Originally Posted by 89826
That is very interesting and puzzling to me. Here's why. Clearly there is a difference between British and American lengths. That is why Green prints two (both) lengths. For many if not most British makers, E is the standard width. I would say in the US a D width is standard. But Green only prints one width. What does that mean? Green has said in the past that their shoes should fit snugly in width, like a slipper. More snugly than Americans are used to. I have always understood the upshot to be that no translation of widths is necessary.
But perhaps Green is giving in to reality and saying Americans expect a UK E to be the standard width for a British-made shoe, and so be it. Perhaps Green is having its cake and eating it too. If they can get Americans to like a snugger width, then fine. If they can't, then when Americans buy a Green E, they just think they are getting the standard British-sized width. Clever, no?
I wear a standard US D width, and all of my Greens are D also. They fit fine. I have lasts 202, 82, and 606. No 888's.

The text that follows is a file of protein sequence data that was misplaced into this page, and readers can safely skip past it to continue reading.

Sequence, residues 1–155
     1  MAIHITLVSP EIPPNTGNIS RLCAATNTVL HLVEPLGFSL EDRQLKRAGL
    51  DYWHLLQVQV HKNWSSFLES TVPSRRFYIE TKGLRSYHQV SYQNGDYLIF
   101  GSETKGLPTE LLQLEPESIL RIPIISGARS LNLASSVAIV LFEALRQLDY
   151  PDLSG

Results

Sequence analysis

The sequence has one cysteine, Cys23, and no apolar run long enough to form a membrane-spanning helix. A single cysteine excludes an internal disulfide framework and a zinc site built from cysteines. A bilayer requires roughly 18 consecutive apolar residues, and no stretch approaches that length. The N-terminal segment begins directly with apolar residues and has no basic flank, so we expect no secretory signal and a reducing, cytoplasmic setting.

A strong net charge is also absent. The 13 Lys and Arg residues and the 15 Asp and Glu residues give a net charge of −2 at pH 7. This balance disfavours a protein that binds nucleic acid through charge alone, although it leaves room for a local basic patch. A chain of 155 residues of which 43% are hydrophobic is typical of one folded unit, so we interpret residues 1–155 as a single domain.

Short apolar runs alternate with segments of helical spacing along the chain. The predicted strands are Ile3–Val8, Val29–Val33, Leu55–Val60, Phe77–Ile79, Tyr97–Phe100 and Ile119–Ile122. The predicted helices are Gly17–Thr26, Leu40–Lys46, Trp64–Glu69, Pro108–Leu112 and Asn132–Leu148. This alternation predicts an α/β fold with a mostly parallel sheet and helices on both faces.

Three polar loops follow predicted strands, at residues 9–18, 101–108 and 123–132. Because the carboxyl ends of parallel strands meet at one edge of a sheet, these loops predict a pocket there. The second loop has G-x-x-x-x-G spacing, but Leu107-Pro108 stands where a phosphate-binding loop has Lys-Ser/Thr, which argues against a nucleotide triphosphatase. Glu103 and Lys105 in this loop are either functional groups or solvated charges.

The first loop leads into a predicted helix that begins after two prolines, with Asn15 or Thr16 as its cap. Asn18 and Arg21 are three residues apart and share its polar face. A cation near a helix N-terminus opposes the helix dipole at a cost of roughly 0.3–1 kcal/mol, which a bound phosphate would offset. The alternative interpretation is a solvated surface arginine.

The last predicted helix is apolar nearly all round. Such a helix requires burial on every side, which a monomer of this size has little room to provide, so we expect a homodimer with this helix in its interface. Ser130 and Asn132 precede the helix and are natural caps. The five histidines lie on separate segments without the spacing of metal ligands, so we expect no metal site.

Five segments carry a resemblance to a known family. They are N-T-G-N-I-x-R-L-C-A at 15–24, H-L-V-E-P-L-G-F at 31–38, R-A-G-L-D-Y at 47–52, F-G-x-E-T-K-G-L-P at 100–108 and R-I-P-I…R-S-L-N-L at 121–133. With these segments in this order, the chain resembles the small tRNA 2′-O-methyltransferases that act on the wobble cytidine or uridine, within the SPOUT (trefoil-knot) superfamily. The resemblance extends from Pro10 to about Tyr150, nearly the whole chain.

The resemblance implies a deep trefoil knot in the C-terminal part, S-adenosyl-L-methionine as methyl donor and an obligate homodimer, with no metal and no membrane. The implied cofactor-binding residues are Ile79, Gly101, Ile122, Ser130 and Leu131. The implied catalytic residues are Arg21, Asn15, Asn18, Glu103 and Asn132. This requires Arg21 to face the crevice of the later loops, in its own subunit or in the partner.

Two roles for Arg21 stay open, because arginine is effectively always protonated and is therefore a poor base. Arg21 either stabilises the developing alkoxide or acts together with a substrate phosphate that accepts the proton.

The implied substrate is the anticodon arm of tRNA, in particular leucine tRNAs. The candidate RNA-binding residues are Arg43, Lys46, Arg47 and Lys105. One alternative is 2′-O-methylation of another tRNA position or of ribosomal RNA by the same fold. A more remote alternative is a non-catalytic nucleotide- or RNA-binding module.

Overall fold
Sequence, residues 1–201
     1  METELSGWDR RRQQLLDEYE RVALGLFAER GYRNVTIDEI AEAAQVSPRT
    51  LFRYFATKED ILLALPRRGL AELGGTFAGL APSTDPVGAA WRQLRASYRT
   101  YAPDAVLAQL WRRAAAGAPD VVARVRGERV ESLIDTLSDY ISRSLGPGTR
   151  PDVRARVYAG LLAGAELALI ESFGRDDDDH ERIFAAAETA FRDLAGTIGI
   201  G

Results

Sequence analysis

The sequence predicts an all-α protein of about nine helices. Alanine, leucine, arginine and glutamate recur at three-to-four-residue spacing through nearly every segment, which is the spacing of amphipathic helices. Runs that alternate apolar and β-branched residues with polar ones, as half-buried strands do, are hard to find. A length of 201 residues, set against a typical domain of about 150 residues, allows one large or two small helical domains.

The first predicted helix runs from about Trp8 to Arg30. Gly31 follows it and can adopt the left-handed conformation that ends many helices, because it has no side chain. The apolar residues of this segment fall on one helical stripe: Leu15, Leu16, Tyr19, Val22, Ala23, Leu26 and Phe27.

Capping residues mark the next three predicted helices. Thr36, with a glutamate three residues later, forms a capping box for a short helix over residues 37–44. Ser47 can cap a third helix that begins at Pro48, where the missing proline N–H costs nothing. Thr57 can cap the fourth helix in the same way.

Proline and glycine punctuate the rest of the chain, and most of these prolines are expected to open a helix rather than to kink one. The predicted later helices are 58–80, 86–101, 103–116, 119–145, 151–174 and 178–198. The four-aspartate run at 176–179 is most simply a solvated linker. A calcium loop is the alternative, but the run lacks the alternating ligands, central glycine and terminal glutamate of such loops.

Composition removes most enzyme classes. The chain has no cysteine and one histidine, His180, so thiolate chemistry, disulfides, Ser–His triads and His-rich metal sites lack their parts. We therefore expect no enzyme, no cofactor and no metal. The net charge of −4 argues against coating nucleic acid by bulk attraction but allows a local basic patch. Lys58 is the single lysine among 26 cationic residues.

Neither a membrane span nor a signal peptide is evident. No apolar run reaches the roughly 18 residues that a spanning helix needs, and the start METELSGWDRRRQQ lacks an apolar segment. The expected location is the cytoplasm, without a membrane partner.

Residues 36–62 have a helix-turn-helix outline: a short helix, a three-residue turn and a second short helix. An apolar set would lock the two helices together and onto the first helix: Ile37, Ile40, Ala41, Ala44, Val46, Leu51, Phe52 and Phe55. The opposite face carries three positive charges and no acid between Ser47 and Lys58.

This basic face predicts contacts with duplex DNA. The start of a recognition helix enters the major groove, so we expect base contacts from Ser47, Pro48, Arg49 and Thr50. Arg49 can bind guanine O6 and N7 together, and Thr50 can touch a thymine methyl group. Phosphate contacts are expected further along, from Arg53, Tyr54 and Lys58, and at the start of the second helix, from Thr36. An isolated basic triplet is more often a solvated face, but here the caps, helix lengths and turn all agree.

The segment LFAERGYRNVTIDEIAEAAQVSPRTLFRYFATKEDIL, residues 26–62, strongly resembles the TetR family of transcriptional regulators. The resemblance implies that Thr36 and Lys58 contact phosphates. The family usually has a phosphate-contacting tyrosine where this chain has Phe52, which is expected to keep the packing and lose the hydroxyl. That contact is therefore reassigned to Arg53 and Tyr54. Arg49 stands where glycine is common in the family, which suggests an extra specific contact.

if all of your Greens are D width, that is a UK D width, which is considered, at least by EG, to be slightly more narrow than medium/standard/regular width. Some US retailers carry EGs only in D width and they erroneously tell customers it is standard width.
I agree with you that EGs D width many times doesn't feel much different than a US D width. In my experience, that depends on the last. I have a few 82 lasted bals and the 82D is noticeably more snug than the 82E. Further, my 82D is noticeably more snug than a typical US D width. I can, and do, wear D and E widths in all the lasts you mention. And a D width in the 82 is easily the most snug.